For those long sleepless hours and the few hour sleep intervals with rude awakenings in the much too early mornings, I practice Buddhist meditation. It’s the best medicine. I go through the levels until I find that restful place. It doesn’t put me to sleep, but inside my element I find contentment. I took a Zen Meditation course at night college, learned the chakras and have continued for almost twenty years on my own.

    Recently, I found a piece by an American Buddhist monk on WordPress, Dan Scharpenburg, that expressed the Ch’an Buddhist principle of ‘already Enlightened’. We are capable of attaining Enlightenment, even spontaneously, without the monastic discipline. Much like the meditations you describe in your writings, I came across this understanding instinctively, through the many travels and introspections of my life. I, too, strive to reflect this in my work. But hearing it as part of the Buddhist school from a man who practiced for years in Tibet, is worth a thousand times any validation I can give myself. Check it out.

    In the meantime, keep well, keep happy, and most of all, keep sharing your journey.

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    1. Thanks, Pablo, I really appreciate your comments. it is something that an affliction can be a positive influence on your own life if you allow it.

      I have studied Buddhism for years but haven’t come across any practice that I held onto very long. So I will definitely check out your link for Dan Scharpenburg.

      I do plan on writing for years to come, I guess it’s in the blood now. I enjoy your post and look forward to the next one. Thanks, JC

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    2. When we see and talk to people we can’t know the sufferings they have. People can look well yet be so far from well. I suffered with the effects of hep c for decades until I was finally sick enough to get a liver transplant 4 years. Every day since then has been life I would not have had. I went through the new hero C Treatment and am now cured of the disease, which is an odd feeling after carrying it with me for so long. But most people don’t realize hep c destroys more than the liver and fixing that part doesn’t fix the damage done that plagues me every day. But I say to myself,”I am alive”. Without my Buddhist practice, although different from yours because they come from different sutras, I don’t know if I would have had the mental strength and confident determination to not let my illness take over and lose hope. Fortunately there is a very strong community of people that practice Nichiren Buddhism so when I need help or if someone else needs help we have each other to keep us strong. It is hard to continue a practice on your own that also deepens your understanding of your life and why it is what it is. Are you aware of Shakamuni’s sutras and why he preached what he did? Because it was like being young and going to school with one sutra preparing you to understand the next until you got to the end. Would you continue to study 1+1 when you were capable of learning physics? I’m glad your meditations work for you, but maybe there is more to learn that would help? This is just a question to think about. Be well.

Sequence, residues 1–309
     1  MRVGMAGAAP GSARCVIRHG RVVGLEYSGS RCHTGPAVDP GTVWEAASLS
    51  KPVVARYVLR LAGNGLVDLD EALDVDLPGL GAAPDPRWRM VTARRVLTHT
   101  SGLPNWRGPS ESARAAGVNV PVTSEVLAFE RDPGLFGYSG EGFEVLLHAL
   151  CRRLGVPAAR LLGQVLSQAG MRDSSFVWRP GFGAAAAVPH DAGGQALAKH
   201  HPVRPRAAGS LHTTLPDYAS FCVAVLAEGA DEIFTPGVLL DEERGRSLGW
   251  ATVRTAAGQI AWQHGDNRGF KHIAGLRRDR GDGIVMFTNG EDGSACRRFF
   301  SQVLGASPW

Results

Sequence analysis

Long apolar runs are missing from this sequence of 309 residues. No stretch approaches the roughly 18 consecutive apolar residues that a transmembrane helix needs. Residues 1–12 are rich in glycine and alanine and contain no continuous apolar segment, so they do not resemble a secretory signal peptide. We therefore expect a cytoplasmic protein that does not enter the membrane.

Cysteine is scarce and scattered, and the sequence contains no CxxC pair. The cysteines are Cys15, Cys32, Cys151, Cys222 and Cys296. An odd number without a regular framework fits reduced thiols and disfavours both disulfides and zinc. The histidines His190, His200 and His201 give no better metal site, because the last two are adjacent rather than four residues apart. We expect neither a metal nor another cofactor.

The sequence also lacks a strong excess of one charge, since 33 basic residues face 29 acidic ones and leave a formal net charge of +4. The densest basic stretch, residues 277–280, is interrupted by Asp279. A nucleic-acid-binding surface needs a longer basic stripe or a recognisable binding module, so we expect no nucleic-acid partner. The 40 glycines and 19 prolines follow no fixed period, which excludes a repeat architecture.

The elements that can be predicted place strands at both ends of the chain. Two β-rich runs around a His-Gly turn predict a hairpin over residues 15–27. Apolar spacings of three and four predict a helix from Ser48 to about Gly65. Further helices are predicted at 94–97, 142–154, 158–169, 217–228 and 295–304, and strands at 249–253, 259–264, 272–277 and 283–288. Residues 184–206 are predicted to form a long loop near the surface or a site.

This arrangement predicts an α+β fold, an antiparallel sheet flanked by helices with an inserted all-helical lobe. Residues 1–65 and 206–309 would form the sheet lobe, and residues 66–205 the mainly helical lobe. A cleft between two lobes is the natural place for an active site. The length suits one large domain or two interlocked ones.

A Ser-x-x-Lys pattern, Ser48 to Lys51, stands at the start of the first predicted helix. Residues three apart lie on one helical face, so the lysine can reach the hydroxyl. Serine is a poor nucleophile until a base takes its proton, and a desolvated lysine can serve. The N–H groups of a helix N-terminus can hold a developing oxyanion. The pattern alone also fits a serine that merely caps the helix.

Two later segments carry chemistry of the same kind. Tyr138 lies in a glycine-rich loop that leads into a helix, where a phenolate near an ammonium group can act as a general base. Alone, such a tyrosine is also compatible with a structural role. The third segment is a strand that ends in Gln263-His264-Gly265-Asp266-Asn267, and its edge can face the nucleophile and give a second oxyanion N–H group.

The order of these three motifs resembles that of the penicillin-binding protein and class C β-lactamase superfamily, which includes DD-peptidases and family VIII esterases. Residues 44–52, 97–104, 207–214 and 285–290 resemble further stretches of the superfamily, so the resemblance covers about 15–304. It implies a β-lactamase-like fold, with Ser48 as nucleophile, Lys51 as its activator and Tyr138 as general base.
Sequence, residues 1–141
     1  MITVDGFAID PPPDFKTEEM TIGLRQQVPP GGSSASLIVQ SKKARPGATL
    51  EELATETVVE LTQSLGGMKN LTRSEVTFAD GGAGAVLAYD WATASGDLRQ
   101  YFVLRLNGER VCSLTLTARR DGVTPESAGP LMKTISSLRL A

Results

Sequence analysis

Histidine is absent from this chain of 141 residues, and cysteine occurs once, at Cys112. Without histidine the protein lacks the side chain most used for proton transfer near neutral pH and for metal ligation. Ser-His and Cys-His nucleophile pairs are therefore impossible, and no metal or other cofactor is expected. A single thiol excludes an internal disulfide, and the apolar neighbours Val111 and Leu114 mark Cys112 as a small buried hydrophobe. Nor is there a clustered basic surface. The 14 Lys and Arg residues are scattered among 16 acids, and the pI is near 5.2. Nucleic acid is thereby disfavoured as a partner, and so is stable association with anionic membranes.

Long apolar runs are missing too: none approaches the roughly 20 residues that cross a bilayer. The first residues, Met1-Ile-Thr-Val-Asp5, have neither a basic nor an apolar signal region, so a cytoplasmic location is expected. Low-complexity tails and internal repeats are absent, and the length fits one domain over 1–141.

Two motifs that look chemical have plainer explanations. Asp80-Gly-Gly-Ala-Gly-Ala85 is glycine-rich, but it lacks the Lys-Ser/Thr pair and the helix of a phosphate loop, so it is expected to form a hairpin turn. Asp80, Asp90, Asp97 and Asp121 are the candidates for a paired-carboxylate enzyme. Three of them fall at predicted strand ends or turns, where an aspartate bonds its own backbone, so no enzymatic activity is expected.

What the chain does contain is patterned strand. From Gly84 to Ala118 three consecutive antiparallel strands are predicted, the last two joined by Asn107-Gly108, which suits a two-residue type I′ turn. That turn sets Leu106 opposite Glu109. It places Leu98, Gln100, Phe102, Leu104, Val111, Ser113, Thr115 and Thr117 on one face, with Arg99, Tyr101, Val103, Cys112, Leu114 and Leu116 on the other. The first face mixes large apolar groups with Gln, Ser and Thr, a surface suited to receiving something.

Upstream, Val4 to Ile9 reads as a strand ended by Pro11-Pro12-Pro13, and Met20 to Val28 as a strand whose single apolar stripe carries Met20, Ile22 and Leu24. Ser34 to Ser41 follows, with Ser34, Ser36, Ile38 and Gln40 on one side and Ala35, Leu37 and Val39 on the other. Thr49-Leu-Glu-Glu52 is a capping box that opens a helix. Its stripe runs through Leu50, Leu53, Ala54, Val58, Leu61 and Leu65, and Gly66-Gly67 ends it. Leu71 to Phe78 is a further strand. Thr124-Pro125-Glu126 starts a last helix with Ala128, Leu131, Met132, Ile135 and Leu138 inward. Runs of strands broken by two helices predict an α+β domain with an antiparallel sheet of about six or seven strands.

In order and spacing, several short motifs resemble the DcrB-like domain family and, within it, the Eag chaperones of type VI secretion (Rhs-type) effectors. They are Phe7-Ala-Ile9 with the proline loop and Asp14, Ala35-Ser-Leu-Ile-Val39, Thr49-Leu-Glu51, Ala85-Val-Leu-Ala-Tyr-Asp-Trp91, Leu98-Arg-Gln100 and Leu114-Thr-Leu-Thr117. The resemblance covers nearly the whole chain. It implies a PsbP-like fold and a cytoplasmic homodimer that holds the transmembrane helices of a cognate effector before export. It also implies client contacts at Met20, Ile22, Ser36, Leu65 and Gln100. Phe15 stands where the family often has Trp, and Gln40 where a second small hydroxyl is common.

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      1. Thanks, SonniQ for the encouragement. My meditations were more intuitive than guided until I studied Zen, so they are lacking. I wish I had followed a discipline earlier, but I can’t reclaim the past lost. I tried Mindfulness Training and found it too cultish with the new age guru personalities, though I learned the discipline of letting my thoughts be, not craving the good ones, as the Buddha taught, or fleeing from that which brings suffering, but to be in the Now. I am going deeper, by the most obvious route, researching the Life of the Buddha and his teachings.